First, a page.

Gifted & ADHD
Lovecky, D. V.
Highly Gifted Children
The Hollingworth Center
Vol 7, No. 2
This article by Deirdre Lovecky points out that there may be many reasons for a highly gifted child’s inattentiveness in school, including “being so far ahead of the curriculum that the child is bored in class, being a global learner who has trouble following step-by-step lesson plans; being a child whose major interests lie outside academic areas, or having a learning disability or attention deficit disorder that is undetected.” If ADD is suspected this article offers parents advice on getting a good evaluation from a clinical child psychologist, child neuropsychologist, or developmental pediatrician. Lovecky notes some of the treatments that may be considered, and lists resources for parents with children diagnosed as ADD.
ERIC Clearinghouse on Disabilities and Gifted Education – Digest #E649
This article by Maureen Neihart discusses the differences between gifted and non-gifted children with ADHD. The lack of intellectual challenge and little access to others with similar interests, ability, and drive are often risk factors for gifted children, contributing to social or emotional problems. Assessing ADHD in gifted children and determining what is appropriate intervention and support are also covered in the article.
Gifted Child Quarterly
National Association for Gifted Children (NAGC)
Vo. 44, No. 4, pp. 222-230
This article by Maureen Niehart suggests approaches for the teacher who works with young people with Asperger’s
Syndrome. AS is a disorder in the autism spectrum that is observed in some gifted children. Gifted children may be very difficult to diagnose with AS because the disorder may resemble other problems such as a learning disability or simply just similar traits of a gifted child. Common traits of gifted AS children are listed and compared to children who are gifted without AS in order to help identify these individuals.
There are a number of reasons for considering gifted children with AD/HD. The dual exceptionality of being both gifted, and AD/HD, often means that such children are not recognized as having either exceptionality, and thus, their needs for an appropriate education are not met. AD/HD, in this paper, refers to the mixed type, those children with symptoms of both inattention, and hyperactivity. AD/HD is considered to be a deficit in ability to inhibit responding with consequent deficits in self regulation and self monitoring of behavior. The underlying deficit in AD/HD is hypothesized to be biological, and based on differences in neurotransmitter regulation of dopamine. Most affected are the areas of the brain that deal with the executive functions, that is the ability to regulate, modulate, produce on demand, organize, and sustain focus.
California Association for the Gifted
Vol. 31, No. 4, pp. 20
This article by Sharon Lind explains that highly gifted children are easily misdiagnosed as having attention deficit disorder (ADD or ADHD). Lind provides a valuable checklist of behaviors and charachteristics for educators to use before referring a student for testing. The checklist is designed to differentiate between confusing factors.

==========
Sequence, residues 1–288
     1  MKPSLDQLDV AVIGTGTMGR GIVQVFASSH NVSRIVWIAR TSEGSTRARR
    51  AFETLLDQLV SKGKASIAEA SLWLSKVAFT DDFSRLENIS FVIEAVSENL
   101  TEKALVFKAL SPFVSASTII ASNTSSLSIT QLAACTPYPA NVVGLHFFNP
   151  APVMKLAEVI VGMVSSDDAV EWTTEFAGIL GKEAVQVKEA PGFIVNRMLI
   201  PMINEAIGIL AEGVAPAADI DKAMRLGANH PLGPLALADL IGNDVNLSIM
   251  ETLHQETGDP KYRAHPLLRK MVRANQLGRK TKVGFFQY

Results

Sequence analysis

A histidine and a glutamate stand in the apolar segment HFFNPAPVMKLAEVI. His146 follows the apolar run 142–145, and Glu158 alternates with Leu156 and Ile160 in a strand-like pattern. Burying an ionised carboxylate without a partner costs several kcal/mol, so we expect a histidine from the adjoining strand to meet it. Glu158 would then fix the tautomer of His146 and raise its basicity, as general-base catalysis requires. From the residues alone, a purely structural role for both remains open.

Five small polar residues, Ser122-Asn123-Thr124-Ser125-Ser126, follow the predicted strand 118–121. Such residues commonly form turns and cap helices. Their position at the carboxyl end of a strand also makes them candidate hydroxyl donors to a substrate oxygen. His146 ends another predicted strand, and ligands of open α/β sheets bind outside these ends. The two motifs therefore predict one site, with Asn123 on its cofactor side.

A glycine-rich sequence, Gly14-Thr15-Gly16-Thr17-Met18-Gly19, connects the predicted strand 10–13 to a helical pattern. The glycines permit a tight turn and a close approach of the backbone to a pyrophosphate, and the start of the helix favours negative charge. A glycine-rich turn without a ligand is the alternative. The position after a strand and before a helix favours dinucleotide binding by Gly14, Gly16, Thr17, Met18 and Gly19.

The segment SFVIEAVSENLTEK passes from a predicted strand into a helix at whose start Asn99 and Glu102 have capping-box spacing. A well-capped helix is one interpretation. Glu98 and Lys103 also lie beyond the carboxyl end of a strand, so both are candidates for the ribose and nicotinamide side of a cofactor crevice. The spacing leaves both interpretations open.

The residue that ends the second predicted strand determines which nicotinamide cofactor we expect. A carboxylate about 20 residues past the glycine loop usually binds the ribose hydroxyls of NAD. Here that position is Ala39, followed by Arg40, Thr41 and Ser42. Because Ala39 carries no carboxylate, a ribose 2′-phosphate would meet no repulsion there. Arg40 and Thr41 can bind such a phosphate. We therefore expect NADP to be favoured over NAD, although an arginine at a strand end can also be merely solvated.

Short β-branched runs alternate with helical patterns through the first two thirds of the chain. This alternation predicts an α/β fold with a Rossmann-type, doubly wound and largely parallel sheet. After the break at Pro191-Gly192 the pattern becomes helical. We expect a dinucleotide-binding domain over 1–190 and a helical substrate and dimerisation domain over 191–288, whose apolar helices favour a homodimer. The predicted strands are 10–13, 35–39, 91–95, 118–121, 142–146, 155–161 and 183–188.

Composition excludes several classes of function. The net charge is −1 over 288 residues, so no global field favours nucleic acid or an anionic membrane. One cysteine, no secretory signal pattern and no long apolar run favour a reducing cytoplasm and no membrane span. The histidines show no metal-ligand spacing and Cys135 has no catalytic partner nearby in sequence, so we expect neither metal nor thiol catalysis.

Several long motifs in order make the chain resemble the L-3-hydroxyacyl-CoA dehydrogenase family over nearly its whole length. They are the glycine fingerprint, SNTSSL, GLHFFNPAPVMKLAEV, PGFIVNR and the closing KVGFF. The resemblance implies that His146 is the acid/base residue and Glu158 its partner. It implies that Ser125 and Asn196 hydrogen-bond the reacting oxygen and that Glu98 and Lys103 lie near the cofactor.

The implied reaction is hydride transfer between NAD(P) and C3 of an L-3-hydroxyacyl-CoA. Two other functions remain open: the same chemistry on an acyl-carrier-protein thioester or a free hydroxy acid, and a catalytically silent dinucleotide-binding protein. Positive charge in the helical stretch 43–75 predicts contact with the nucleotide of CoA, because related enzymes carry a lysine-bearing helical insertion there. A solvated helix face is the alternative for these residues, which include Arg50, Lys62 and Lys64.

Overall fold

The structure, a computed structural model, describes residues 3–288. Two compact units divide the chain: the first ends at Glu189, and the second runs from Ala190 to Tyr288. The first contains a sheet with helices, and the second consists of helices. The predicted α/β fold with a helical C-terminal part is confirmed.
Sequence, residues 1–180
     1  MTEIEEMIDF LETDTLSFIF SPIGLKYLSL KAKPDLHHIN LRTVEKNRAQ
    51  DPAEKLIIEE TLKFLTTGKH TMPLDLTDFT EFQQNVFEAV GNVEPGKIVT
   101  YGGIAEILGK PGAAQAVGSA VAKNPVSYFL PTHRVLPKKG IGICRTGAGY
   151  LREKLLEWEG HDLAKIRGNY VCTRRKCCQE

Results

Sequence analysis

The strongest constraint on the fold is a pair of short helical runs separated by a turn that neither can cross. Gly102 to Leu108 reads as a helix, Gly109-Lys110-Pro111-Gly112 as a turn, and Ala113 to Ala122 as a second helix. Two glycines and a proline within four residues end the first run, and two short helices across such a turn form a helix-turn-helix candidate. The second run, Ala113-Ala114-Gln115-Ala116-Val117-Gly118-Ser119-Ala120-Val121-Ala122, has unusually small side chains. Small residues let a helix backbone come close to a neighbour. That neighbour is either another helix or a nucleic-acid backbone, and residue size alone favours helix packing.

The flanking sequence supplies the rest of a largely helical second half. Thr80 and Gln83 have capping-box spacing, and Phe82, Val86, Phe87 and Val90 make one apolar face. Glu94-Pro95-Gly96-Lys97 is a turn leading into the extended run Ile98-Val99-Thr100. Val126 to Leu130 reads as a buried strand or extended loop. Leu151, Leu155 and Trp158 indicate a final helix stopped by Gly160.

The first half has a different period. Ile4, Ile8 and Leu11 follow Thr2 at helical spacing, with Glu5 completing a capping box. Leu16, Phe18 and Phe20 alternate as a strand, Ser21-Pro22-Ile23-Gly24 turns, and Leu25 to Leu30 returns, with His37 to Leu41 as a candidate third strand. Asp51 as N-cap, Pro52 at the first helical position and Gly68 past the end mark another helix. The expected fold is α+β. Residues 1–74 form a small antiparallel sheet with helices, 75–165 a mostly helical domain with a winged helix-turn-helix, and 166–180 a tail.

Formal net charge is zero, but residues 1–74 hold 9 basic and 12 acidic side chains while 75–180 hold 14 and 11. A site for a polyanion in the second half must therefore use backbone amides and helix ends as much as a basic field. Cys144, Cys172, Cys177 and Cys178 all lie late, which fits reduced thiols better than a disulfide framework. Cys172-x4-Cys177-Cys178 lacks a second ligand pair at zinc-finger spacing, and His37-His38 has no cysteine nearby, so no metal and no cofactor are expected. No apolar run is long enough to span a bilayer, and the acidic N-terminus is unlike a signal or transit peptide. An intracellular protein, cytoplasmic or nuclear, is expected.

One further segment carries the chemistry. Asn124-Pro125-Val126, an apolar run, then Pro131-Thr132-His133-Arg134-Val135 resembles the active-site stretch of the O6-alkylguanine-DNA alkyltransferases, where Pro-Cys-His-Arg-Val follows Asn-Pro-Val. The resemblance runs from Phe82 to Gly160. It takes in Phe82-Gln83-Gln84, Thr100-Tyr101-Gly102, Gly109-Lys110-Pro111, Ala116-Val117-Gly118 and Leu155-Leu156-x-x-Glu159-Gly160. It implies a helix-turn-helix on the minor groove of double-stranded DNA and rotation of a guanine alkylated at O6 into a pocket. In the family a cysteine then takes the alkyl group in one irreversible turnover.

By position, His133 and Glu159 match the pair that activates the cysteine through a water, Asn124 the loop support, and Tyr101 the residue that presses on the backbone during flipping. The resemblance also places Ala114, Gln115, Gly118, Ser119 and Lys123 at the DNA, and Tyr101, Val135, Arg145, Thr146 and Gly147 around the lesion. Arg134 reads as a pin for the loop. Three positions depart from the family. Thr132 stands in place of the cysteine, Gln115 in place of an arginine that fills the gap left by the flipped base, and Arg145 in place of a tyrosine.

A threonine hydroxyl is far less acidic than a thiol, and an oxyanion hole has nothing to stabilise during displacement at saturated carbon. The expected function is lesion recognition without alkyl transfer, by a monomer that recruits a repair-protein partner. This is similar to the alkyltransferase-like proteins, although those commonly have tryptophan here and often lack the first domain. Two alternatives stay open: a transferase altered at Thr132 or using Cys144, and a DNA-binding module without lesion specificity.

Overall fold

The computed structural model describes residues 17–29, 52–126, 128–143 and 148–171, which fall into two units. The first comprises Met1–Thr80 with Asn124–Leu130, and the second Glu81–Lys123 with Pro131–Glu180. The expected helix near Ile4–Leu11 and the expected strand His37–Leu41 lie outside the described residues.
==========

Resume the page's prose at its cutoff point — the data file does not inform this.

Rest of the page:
Kaufmann, F., Kalbfleisch, M. & Castellanos, F.
NRC/GT Newsletter, Senior Scholars Series
The National Research Center on the Gifted and Talented
This article summarizes the current scientific knowledge about ADD and ADHD in children and presents the issues that are related to ADHD in gifted students. In addition there is discussion about the causes, diagnosis, medical interventions and educational strategies. The article also includes recommendations for teachers and parents and directions for the future. Authored by Felice Kaufmann, M. Layne Kalbfleisch, & F. Xavier Castellanos.
Webb, J. & Latimer, D.
ERIC EC Digest #522
This article by James Webb and Diane Latimer discusses ADHD in the gifted population. It explains that sometimes it can be hard to tell the difference and that oftentimes the evaluator may not be familiar with gifted/talented and so may not even consider that option. The article lists attributes of both the gifted and ADHD and tries to explain some of the key differences in the behaviors that at first seem so similar.
This article by Meredith Warshaw caters to the many highly gifted children that have additional special needs such as learning disabilities, ADHD, Asperger Syndrome, sensory integration disorder, etc. These needs can be very challenging, both in terms of identification, and in terms of finding ways to address both the gifted and special needs sides of the child adequately. The author offers advice on a number of issues (i.e. assessment, schooling, siblings) as well as a number of resources for parents.
Davidson Institute for Talent Development/Young Scholars Seminar
Source: Davidson Young Scholar Seminar
Megan Foley Nicpon provides a detailed analysis of the issues that gifted students with ADHD encounter. Parents are provided a number of suggestions for treatment, through behavioral interventions and medications, to guarantee their gifted child’s long-term success and aid them in working through this disorder.
Source: Davidson Young Scholar Seminar
Dr. Paul Beljan offers tips on how to help a gifted child who has ADD. Most importantly, he advocates for a full assessment and a holistic approach to treatment.
Dr. Beljan facilitated an online seminar on ADD and the Gifted for the parents in our Young Scholars program. These tips are a summary of the concepts about gifted children and ADD.